The initiative of Serraj: an extension of the presidency or an extension of the crisis

The initiative of Serraj: an extension of the presidency or an extension of the crisis

July 17, 2017 - 10:25
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By Dr. Abdul-Hamid Nimai, political researcher and writer 

Serraj's initiative, Skhirat agreement and the political discourse of Gaddafi are all based on one mentality and one theory.

Gaddafi always kept droning on about the unity of the Arab world while doing everything he could to undermine Arab unity, and he went on about religion and Islam while doing everything that would distort Islam and alienate people from understanding the right Islam. He talks about freedom and emancipation while in contrast; he turned the Libyans, according to the description of Shukri Ghanem, to “a community of beggars who derive their livelihood from the gifts and grants of the regime".

The Skhirat agreement was not established to be practical, but it was designed to lead Libya to a stage of disintegration and collapse.

The architects of the Skhirat agreement attached the effectiveness of the agreement on basic conditions that they know are impossible to include, such as including the agreement with the constitutional declaration, in addition to the adoption of the government by the House of Representatives.  

Serraj was fully aware that the political agreement was not found to be implemented, in evidence that he did not even try to proceed the terms of the agreement of which the first was the cease fire, the second step was to revisit in the senior military, security, and civilian posts, and to vacate the cities from armed groups and the withdraw of weapons.

All of who speak about the Skhirat agreement today speaks of a hypothetical, imaginary project that does not reflect the reality in Libya.

The initiative is based on holding parliamentary and presidential elections, but that requires for the House of Representatives and the High Council of State to come together and form committees to consult with a new draft law for the elections.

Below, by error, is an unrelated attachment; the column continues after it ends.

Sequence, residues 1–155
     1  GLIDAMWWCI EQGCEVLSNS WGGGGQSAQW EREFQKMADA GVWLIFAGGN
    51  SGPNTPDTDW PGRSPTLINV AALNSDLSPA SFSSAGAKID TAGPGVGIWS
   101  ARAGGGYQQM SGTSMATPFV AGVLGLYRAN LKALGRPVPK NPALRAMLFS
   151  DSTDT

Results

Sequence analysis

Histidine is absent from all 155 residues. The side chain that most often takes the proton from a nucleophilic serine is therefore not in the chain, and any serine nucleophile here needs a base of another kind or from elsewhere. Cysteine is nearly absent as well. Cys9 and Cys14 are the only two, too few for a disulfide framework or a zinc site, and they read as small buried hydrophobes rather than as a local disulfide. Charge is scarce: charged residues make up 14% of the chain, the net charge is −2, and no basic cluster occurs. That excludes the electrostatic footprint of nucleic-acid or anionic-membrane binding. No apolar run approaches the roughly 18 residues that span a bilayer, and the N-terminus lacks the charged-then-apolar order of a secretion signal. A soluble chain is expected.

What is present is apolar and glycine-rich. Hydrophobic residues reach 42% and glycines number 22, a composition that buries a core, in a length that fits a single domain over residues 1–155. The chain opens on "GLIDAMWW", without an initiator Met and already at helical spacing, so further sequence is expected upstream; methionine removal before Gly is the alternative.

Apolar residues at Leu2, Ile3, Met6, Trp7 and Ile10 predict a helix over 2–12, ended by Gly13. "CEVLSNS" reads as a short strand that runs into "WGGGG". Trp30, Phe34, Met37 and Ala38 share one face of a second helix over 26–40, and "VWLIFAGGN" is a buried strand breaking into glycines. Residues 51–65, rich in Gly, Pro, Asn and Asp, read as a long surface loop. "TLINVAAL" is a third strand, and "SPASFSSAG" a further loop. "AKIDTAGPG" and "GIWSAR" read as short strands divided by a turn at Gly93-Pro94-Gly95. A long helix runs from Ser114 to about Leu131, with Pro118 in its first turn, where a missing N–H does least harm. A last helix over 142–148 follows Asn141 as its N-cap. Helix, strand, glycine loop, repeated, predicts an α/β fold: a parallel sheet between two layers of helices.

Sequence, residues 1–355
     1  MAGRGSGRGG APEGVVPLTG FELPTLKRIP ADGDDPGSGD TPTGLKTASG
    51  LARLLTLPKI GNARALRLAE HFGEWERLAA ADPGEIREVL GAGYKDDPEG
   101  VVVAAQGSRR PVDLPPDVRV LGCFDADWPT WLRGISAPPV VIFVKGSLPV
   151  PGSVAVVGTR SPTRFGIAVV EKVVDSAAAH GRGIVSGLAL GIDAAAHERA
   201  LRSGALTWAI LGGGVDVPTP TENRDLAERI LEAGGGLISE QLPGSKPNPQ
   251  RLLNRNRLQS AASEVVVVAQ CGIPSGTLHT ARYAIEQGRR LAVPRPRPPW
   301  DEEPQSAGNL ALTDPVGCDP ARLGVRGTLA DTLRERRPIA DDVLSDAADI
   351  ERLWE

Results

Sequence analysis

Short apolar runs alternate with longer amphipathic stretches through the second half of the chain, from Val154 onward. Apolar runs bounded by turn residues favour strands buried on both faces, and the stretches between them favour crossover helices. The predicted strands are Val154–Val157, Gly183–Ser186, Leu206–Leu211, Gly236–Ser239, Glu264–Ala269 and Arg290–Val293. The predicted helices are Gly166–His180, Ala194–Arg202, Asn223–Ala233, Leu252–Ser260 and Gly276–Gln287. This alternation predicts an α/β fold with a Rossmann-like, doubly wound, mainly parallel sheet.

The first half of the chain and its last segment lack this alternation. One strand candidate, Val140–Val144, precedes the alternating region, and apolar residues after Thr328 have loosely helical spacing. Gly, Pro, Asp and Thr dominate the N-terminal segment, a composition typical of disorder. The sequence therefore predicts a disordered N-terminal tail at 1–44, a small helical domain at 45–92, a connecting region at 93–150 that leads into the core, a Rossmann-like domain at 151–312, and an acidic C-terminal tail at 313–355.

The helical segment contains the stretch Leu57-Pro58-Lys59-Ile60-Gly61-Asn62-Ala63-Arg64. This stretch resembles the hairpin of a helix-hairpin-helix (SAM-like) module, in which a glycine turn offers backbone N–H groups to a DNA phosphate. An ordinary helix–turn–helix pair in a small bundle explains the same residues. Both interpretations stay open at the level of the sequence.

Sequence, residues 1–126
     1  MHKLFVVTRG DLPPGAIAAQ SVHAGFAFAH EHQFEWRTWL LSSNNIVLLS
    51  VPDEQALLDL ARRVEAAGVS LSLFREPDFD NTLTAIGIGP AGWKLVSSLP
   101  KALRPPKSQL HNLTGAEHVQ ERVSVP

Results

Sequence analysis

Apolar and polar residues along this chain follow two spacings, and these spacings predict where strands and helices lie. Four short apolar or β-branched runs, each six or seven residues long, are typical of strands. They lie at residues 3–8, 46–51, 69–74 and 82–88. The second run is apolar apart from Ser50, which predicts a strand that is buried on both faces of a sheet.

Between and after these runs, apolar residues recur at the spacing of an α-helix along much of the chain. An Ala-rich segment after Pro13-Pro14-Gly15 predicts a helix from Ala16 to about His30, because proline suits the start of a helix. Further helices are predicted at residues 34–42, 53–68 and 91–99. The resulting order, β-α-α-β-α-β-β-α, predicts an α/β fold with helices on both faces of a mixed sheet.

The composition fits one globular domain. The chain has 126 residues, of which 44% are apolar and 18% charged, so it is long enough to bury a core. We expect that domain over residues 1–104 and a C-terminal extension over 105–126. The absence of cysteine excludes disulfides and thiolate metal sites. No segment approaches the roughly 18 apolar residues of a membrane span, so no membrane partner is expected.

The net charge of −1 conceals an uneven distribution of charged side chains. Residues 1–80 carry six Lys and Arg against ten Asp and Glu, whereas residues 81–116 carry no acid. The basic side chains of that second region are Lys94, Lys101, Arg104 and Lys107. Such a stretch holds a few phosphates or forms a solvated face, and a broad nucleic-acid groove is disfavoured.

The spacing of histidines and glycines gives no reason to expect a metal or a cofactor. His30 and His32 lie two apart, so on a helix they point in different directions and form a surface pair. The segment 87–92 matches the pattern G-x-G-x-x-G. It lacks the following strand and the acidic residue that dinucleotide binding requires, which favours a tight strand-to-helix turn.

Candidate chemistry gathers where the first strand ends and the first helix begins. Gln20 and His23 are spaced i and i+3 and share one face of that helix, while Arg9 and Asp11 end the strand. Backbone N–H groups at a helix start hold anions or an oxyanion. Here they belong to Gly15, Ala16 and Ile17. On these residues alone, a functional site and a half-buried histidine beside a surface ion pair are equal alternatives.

Does Serraj, as a member of the House of Representatives, believe that this parliament is able to meet and form a committee to prepare the bill now?

Is there a possibility that the House of Representatives and the State Council will agree on the draft law?

Is there a possibility for the House of Representatives to take a decision?

Is there a possibility that the new electoral law will be accepted by the political parties in Libya?

If the initiative provided for the holding of elections in accordance with the current laws with its imperfections and contradictions, then it is fair to say that the owners of the initiative are truly seeking to hold elections with the possibility to carry it out with strong international support. But the reference to a new electoral law means that the initiators consider the existing electoral law is in the rule of the abolitionist.

Therefore, Serraj is like someone who asks you to drive a car after removing the engine, so from where does he get the right to abolish a law issued by an elected legislative authority. Such an item is considered a mine tucked between the lines and it will be enough to blow up the initiative altogether.

The second obstacle, which is no less significant, lies in tying the initiative with the formation of committees to submit a draft constitutional amendment concerning the competence of some official bodies, here again, it is not expected from the committees to succeed in submitting a project, just like what happened with the Committee of 60, nor the House of Representative would approve the project even if the required majority is present.

I cannot believe that Mr. Serraj or his assistant team could miss such considerations.

Finally, the initiative includes an indirect extension of the Presidential Council. It is understood that the Council's term ends in December 2017. Thanks to this initiative, the Council will indefinitely continue because its duration has become linked to the completion of the elections, which is far-reaching under the current circumstances. Is this the central objective of the initiative? Probably yes.

So, for whose benefit is it to waste more time? Moreover, in whose interest is it to drive the Libyan state into more disintegration and breakdown?

We, dear readers, do not need a new initiative as much as we need someone that fears' God in us.

 

Disclaimer:  The views and opinions expressed in this article are those of the writer, and do not necessarily reflect those of the Libya Observer